- Telephone and Number Redirection: If your office is inaccessible but your business is one where employees can work from home, there are many things you can do to facilitate this. If the system is Voice over IP (VoIP), employees can take a phone home with them and still make calls from your phone system. Or they can launch software phones on their computers and use your phone system with a microphone headset. Or they can log into your phone system (whether VoIP or not) and forward their direct extension to their home or cell phones. You can log into your phone system from home and change the greeting to let your customers know what is happening. It also may be worth having a VoIP backup system with a few lines at the ready so a few critical employees or managers can conduct business or be available. It only takes a few minutes to call the phone company and redirect your company’s toll free number to another location. If your building’s phone system is inaccessible, you can have all of your normal incoming calls going to a temporary VoIP system with a professional auto-attendant and phone tree which can all be controlled and accessed from your home.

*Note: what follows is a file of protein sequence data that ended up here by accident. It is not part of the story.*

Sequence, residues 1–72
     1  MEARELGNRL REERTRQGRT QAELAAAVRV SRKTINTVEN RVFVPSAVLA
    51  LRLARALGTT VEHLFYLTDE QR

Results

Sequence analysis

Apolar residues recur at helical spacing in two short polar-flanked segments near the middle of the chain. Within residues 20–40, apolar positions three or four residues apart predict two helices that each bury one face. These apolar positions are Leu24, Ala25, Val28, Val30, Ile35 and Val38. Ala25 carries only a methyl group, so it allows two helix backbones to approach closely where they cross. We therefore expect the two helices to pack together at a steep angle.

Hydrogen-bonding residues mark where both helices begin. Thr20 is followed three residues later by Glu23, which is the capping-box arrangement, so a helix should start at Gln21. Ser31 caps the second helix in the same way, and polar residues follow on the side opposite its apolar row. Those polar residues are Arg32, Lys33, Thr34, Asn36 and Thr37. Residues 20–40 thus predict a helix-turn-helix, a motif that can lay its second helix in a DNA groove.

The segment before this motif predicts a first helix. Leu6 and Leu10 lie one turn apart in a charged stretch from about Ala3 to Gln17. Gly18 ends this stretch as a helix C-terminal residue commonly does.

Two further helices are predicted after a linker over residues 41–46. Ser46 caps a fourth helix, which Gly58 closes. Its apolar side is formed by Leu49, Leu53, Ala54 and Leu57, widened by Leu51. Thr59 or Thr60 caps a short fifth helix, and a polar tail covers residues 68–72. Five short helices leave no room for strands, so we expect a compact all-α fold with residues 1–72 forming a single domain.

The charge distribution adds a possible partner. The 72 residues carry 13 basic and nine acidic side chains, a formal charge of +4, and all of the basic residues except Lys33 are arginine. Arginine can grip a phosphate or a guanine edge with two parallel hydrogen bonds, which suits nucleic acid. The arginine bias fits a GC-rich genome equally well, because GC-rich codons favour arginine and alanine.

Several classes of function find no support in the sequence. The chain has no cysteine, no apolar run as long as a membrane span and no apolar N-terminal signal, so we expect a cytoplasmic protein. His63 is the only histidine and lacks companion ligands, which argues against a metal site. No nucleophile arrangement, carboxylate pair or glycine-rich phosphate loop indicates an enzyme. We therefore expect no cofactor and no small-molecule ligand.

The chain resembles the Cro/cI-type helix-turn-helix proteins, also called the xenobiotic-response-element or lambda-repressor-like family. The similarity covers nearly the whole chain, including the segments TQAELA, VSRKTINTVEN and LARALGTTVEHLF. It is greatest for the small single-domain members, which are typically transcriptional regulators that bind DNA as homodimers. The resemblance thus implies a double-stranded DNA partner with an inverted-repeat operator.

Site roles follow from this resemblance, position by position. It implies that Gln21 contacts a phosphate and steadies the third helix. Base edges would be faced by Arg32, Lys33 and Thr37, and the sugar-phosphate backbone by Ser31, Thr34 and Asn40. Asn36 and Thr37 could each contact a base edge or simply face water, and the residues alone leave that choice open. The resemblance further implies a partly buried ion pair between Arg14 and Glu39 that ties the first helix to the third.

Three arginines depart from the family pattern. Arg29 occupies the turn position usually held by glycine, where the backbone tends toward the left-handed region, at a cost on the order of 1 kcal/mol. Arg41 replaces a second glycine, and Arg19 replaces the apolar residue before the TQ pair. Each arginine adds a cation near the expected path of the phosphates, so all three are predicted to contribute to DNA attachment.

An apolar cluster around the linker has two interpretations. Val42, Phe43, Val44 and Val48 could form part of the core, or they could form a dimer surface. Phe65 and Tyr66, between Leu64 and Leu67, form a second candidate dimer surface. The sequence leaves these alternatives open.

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What To Do While You Are Down
Here are some things to do during an emergency to keep your business running and everybody informed about what is going on.
- Switch to Backup Systems: If your phone or internet goes down but the rest of the building is safe, it is time to switch to the backup. If this is not an automatic switch, you and your IT provider should have a plan in place about how this process goes.